Things look relatively good for the Democrats right now. Social Security privatization is practically dead, Tom DeLay is actually on the defensive, and President Bush's approval rating is below 50 percent in many polls. But then there is Phil. Phil is the cartoon star of a new political advertising campaign to preserve the filibuster--the parliamentary maneuver that allows members of the U.S. Senate to delay votes indefinitely and that has, for the last few months, enabled Democrats to prevent the full Senate from voting on a handful of conservative Bush judicial nominees.
The first of the giants of American grand strategy during the Cold War lived to be the last of the giants. When George F. Kennan died a few weeks ago at the age of 101, none of his great contemporaries was left. Truman, Marshall, Acheson, Forrestal, Harriman, Bohlen, and Lovett had all preceded him in death years ago; and even Kennan's most formidable rival on matters of policy, his longtime friend Paul Nitze, died last fall at 97. It is an appropriate moment, therefore, to assess what Kennan and his generation accomplished.
As far as titles go, it's hard to beat Pope. It's exclusive--none of that pesky power sharing that goes on amongst dukes and princesses, presidents and prime ministers. It's ancient--an uninterrupted line for nearly 2,000 years. It's expansive--one billion Catholics and counting. It's not hereditary--you really have to earn that papal miter. And, perhaps most importantly, the pontiff never wants for powerful allies--he's always on the side of the Almighty.
The White House has a new favorite Democrat. President Bush and his aides can't stop talking about a guy named Robert Pozen. The investment executive from Boston has been making the rounds at Washington editorial boards and think-tank forums flacking—what else?—a Social Security plan. Bush launched Pozen into the headlines at his March 16 news conference when, apropos of nothing, he noted that "one of the interesting ideas [on Social Security] was by this fellow—by a Democrat economist, name of Pozen.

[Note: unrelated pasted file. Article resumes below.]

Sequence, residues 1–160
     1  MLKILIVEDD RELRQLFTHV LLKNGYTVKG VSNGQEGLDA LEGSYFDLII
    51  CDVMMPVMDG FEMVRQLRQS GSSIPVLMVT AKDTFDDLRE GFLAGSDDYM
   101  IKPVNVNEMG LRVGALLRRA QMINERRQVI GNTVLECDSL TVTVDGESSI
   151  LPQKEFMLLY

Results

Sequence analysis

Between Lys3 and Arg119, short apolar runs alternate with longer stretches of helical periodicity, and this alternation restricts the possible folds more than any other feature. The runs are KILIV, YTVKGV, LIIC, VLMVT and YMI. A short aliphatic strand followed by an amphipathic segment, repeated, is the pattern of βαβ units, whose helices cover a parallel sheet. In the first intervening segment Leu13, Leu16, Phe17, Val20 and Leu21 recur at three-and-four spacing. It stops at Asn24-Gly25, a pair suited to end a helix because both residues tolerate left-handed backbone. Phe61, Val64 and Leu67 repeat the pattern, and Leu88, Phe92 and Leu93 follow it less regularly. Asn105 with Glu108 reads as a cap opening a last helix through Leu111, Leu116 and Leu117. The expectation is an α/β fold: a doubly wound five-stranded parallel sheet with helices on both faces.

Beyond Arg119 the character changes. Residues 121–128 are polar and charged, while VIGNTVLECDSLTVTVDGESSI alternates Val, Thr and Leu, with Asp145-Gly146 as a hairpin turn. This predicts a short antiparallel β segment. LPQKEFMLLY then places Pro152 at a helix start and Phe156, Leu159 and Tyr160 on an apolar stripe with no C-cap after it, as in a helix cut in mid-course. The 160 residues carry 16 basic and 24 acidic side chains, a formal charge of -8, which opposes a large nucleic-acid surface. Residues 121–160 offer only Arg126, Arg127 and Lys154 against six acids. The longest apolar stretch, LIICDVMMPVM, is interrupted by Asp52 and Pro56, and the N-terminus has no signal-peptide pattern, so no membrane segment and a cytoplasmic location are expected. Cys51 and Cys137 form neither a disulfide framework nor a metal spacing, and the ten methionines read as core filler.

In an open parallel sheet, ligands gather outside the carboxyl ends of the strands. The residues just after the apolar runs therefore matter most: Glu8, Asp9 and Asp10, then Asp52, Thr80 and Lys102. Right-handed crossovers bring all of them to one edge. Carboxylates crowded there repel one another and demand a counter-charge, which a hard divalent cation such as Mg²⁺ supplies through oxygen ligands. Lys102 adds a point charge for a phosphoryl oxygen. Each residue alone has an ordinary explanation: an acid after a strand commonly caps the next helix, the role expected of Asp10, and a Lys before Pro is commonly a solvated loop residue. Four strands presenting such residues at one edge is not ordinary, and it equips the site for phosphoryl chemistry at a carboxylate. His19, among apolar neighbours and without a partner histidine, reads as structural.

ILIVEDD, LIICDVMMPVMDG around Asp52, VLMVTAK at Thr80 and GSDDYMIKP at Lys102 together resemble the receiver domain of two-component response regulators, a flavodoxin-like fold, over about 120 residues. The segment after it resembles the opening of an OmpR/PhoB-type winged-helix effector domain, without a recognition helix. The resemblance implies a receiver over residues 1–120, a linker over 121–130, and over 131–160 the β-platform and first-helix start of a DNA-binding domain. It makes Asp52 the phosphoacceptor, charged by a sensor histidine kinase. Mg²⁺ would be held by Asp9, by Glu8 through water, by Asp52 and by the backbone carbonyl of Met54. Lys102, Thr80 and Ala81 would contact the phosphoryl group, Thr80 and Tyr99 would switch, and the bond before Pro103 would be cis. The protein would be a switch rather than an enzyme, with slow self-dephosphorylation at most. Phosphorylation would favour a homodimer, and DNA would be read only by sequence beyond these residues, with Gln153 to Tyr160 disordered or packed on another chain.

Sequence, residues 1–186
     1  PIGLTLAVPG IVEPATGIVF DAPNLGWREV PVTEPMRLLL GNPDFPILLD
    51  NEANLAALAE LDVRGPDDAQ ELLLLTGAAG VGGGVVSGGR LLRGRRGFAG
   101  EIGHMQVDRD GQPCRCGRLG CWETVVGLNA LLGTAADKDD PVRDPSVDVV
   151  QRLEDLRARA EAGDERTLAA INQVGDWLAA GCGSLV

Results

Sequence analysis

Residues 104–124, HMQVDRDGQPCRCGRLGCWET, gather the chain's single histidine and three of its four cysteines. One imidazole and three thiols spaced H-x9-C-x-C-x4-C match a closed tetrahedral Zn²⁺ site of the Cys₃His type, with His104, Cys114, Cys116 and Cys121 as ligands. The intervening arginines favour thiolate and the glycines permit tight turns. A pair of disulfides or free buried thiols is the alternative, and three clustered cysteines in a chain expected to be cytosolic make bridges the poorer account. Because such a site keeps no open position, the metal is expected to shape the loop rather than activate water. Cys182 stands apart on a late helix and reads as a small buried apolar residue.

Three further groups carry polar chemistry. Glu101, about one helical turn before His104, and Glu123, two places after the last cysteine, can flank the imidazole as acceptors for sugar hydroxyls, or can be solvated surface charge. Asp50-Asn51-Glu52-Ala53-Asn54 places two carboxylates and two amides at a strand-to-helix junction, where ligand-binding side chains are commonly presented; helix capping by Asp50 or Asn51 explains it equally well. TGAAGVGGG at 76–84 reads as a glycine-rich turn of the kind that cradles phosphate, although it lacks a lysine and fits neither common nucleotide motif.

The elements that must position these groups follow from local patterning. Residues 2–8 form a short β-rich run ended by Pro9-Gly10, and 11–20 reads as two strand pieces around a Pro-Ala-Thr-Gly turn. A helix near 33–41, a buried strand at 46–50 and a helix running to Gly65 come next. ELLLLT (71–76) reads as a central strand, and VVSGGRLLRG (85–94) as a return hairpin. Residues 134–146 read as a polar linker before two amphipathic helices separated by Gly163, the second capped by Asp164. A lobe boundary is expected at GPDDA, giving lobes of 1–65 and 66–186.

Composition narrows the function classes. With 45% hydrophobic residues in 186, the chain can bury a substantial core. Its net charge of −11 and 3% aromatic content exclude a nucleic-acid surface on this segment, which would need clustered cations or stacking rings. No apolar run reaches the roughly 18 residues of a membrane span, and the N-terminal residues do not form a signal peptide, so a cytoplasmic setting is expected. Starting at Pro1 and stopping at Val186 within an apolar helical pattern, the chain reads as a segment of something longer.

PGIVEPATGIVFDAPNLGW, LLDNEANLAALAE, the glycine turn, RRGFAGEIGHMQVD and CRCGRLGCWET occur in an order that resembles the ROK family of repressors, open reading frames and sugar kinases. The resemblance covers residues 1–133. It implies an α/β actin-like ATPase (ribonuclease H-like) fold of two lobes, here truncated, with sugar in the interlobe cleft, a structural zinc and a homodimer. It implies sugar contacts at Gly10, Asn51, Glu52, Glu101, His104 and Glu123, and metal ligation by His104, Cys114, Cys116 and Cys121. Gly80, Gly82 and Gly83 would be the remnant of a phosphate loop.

Much of the press coverage of the Schiavo case focused on a now-familiar split within the Republican Party between social conservatives—who insisted nothing mattered more than prolonging Terri Schiavo's life—and anti-government libertarians, who tut-tutted about the Republican leadership's encroachment on local autonomy.
If Terri Schiavo will have been a martyr for any cause, it will be for the cause of moral reflection in America. This is not obvious, of course. The Schiavo "debate" has constituted one of the great degradations in modern American life. This controversy about virtue in America has been a perfect storm of American vices, as our grand national traditions of sanctimony and publicity combined to make a mockery of reasoned deliberation about difficult problems. And yet, the paradoxical effect of this rank and inescapable spectacle has been to incite an entire population to thought.
If George W. Bush were to discover a cure for cancer, his critics would denounce him for having done it unilaterally, without adequate consultation, with a crude disregard for the sensibilities of others. He pursued his goal obstinately, they would say, without filtering his thoughts through the medical research establishment. And he didn't share his research with competing labs and thus caused resentment among other scientists who didn't have the resources or the bold—perhaps even somewhat reckless-—instincts to pursue the task as he did.
Last week, at a conference convened in Washington by the freshly formed Judeo-Christian Council for Constitutional Restoration (JCCCR), the enemy operated under many different aliases.
Where to begin when recounting all the great moments that have happened in this year's NCAA men's college basketball tournament? There were the huge upsets, such as Vermont topping Syracuse and Bucknell bringing down Kansas. There were the players whose personas and performances turned them into cult figures, like North Carolina State's Julius Hodge and West Virginia's Kevin Pittsnogle. And there were the three overtime games in the quarterfinals, including Illinois's furious comeback from 15 points down with 4 minutes to go in regulation against Arizona.
The best parts of the early rounds of the NCAA men's college basketball tournament, which begins today, are the upsets, as a few low-seeded teams inevitably knock off some high-seeded ones. Like most college basketball fans, I usually choose as my favorite underdog a scrappy directional school (like fifteenth seed Eastern Kentucky) or an overachieving Ivy (such as thirteenth seed Penn). But this year the underdog I'm most rooting for is a team that, while carrying a ten seed, is a former national champion and typically a national power.